In one of my last blogs I talked about the hardships of life’s transitions. The hardest transition by far has got to be the college to the workforce change. This is the most complicated because these days, with my degree, it’s so difficult to find a job. First off, I chose a field I love, something I am very passionate about, therefor, I chose a field that does not have many jobs available. (That stuff they tell you in high school, the “pick a career you love so you never have to work”, yeah, you never have to work because no one is looking to hire those professionals.) Another reason it’s hard to find a job is that employers generally don’t like hiring the new people that lack experience. Sure, I did my internship, but that isn’t enough for most companies. They all want designers with 5-10 years of creative firm experience, but creative firms do not hire anyone without that experience, therefor college grads cannot get that experience to have it help them receive other jobs. Sound confusing? It is. And to be honest, it’s stupid. There is no even flow of professionals. It’s all stop and go, while many get left behind. Even at the minimum wage level jobs, many do not want to hire you for being “over qualified”. What is that? Stupid! It’s stupid!
I know I sound spoiled, maybe like the “occupy this and that” people from a few years back. I’m not trying to sound unappreciative. I appreciate my education, that I paid for myself. My education is all the more reason I need a job. I took out loans to pay for it. I had no choice. I don’t come from the type of family that pays for their child’s tuition. I worked minimum wage jobs (30+ hours a week) to pay for college (+rent, gas, bills) and still had to take out loans. I need to know that all of that work was worth something. I need to know that I won’t default on my loans. I need to feel important. I don’t care if the job offers a 401k, insurance, or any pretty benefits. I just need a job. I don’t care to be rich, I only care to pay my bills and be able to pay off my debts.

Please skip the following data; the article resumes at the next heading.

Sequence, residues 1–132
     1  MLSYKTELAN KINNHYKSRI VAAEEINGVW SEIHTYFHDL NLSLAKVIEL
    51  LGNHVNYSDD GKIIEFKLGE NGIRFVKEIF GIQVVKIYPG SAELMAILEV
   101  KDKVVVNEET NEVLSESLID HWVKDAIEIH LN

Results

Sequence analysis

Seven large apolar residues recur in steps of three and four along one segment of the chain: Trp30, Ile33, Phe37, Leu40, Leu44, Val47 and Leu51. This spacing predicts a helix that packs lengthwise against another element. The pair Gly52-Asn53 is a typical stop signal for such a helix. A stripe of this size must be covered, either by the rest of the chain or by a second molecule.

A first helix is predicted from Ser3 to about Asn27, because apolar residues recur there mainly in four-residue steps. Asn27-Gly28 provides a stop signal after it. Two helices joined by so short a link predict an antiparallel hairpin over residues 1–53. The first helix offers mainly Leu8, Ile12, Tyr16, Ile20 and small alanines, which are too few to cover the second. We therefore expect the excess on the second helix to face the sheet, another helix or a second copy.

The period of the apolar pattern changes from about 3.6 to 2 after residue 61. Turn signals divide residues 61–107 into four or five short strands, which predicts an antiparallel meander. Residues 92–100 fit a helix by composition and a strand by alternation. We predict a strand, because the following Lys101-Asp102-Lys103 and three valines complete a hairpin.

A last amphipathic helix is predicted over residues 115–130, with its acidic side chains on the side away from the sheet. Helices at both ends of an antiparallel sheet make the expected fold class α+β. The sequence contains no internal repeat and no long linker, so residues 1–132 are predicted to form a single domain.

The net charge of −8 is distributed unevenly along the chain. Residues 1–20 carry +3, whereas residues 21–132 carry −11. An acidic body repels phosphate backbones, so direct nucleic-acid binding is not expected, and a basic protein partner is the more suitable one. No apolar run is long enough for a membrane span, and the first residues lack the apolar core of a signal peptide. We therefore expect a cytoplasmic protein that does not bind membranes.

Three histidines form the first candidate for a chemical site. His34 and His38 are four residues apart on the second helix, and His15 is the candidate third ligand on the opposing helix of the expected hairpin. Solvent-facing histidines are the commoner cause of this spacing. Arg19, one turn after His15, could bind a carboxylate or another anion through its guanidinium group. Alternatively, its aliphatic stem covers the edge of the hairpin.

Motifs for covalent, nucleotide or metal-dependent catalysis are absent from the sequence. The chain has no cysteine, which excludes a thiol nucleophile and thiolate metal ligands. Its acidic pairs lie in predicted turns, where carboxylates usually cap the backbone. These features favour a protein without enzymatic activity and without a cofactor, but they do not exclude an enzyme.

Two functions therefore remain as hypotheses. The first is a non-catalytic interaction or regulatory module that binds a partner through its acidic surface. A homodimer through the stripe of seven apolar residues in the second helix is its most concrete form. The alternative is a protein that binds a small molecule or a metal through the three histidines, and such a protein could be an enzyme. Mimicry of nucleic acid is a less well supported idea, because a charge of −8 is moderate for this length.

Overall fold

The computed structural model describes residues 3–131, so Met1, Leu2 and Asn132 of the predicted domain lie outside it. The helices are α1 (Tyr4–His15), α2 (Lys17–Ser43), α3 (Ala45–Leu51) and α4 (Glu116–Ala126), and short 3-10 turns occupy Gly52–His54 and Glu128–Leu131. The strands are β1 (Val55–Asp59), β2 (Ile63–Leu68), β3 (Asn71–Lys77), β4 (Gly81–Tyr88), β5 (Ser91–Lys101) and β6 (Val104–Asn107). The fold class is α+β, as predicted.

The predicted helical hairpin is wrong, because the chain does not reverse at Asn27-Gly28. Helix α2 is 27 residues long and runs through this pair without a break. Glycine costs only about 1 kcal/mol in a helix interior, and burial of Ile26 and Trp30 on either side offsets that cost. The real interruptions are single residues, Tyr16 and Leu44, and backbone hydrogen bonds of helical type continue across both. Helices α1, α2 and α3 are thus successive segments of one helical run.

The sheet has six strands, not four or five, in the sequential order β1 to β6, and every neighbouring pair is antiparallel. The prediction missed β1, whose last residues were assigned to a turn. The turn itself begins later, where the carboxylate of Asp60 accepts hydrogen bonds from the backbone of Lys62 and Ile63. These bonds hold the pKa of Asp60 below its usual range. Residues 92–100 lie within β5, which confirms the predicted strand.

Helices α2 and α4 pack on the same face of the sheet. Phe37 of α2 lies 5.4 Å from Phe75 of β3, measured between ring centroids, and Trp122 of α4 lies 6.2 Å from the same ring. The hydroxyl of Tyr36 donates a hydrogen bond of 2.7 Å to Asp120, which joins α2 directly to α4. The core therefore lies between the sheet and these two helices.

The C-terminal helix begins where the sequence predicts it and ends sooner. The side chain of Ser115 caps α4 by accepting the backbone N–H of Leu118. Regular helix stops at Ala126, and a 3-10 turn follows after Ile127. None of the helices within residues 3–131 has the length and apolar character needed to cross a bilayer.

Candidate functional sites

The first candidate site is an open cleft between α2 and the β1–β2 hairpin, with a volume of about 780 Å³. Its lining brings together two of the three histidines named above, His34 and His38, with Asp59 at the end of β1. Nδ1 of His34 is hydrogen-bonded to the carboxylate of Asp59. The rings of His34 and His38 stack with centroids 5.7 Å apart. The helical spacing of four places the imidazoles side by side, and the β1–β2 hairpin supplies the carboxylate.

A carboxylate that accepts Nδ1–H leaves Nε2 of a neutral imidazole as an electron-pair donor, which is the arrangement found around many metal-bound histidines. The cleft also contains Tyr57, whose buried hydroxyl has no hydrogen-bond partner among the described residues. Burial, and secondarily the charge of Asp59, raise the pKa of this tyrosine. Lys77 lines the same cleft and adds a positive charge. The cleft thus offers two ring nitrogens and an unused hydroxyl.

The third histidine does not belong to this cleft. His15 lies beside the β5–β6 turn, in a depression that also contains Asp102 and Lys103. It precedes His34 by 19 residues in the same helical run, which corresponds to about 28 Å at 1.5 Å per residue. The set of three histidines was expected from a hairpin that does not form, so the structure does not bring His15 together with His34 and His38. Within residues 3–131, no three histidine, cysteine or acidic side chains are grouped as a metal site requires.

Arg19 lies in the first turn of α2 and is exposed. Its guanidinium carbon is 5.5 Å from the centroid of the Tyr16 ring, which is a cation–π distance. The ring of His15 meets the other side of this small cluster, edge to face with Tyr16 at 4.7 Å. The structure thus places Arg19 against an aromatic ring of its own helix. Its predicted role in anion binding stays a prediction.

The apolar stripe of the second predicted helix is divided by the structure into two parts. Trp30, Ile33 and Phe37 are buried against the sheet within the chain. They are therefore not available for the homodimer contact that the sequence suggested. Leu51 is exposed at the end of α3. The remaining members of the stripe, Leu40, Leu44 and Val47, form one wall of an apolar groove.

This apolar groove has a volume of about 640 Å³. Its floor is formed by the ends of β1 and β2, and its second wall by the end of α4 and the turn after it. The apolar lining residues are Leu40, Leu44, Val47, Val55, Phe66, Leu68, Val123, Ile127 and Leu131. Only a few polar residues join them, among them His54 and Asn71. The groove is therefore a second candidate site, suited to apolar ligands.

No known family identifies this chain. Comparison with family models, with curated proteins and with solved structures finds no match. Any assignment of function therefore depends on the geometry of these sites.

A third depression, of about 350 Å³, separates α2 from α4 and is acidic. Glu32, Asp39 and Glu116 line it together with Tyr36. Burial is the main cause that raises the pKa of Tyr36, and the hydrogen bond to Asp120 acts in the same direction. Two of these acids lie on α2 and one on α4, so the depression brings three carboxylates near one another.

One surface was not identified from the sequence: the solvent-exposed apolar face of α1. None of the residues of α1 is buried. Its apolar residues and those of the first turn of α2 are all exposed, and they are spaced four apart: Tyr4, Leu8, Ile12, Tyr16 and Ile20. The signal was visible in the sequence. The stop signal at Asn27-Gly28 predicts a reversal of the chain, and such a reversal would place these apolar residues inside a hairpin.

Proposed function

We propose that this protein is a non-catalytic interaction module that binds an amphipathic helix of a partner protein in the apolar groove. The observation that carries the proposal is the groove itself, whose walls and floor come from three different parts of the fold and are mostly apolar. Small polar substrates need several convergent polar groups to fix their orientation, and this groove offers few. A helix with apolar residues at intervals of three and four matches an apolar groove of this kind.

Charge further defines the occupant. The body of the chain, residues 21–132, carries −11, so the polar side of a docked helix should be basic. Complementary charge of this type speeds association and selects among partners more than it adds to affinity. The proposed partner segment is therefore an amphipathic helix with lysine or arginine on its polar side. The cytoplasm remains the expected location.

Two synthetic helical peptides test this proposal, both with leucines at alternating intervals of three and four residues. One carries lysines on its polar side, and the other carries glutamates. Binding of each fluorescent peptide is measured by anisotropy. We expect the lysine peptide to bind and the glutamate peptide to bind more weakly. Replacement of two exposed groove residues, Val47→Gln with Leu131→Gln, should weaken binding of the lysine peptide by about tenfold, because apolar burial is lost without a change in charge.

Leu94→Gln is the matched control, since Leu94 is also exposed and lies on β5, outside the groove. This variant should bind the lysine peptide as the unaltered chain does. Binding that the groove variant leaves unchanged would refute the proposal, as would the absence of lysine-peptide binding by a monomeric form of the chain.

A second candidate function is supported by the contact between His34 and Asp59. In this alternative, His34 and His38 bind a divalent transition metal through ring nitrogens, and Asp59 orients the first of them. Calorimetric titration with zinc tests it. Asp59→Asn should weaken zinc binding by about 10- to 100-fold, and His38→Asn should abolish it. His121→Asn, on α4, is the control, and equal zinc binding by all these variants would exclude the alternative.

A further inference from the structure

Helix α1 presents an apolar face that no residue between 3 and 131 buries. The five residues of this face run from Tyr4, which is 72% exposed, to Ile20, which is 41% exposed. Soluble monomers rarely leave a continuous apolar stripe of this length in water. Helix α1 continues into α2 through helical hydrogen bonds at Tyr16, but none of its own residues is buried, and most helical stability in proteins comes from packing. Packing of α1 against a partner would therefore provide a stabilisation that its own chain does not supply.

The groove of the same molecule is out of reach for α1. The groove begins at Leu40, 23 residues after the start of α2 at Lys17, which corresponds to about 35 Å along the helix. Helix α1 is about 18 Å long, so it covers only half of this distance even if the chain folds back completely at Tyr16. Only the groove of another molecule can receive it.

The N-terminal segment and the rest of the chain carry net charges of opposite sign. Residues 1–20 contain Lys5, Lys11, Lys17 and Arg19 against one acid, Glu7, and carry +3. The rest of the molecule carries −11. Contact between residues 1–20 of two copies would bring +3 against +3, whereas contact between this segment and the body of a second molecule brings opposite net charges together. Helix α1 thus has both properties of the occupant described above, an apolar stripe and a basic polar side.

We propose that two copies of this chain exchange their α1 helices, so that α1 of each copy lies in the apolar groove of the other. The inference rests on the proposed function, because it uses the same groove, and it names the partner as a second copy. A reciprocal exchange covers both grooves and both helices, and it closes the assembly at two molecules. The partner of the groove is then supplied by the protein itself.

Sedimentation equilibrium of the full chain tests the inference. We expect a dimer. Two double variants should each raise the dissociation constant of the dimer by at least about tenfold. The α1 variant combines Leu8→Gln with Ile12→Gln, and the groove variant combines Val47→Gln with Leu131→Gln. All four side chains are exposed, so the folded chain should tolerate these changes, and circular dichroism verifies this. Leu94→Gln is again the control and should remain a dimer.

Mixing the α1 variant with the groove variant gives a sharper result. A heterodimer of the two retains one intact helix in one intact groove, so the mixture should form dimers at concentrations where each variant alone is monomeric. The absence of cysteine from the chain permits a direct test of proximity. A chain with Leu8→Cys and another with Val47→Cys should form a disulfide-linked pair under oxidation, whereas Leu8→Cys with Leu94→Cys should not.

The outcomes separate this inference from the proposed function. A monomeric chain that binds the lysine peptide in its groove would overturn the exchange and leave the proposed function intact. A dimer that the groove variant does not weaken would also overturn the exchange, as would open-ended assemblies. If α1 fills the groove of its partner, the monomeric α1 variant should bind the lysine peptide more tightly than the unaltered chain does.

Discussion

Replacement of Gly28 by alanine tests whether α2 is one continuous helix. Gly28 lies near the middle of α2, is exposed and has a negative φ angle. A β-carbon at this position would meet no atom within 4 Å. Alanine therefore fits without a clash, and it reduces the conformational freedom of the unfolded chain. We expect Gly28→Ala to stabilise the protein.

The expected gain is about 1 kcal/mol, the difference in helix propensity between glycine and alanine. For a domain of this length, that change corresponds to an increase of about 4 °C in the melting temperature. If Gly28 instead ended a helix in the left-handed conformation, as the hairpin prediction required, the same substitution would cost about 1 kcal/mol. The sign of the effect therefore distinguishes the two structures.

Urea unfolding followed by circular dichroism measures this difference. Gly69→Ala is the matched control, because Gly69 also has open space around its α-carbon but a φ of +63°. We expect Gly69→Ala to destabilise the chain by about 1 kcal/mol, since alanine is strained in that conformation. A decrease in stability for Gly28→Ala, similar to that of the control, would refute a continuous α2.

I am not alone, neither are the other graduates with my degree. I know many students who proudly walk off the stage, move their tassels from one side of their cap to the other, into a jobless, debt-filled life. Where do we go from here? One thing I’ve been incredibly proud of these past few years is that my generation is by far the most educated. We also happen to have reached a point in time that does not present many job opportunities. So what does this mean for my generation? That most of us will be college educated, minimum wage workers? I mean at least its a job, but for every year we spend not working in our chosen fields, we will not have that experience, and we will forget a little more of what we learned. Just about every professional field out there requires continuous learning. So once we do find real jobs, how far behind will we have fallen? It’s scary to think of. Once more positions do open up, those employers will not want meat that has been sitting around, left to spoil, they’ll want something fresh, some new grad. Leaving more of my generation working low paying, unskilled labor. According to statistics, millennial make up 40% of the unemployed in our country.
I am not lazy, I want to work. I want to work so many hours I barely have time to sleep. I don’t just want some beautiful paycheck, I want enough money to pay my bills, and I want to earn it. I am not entitled, I have worked for everything, and I will do my best to continue. I am not useless, I have wonderful skills. I am not weak, I have a beautiful portfolio.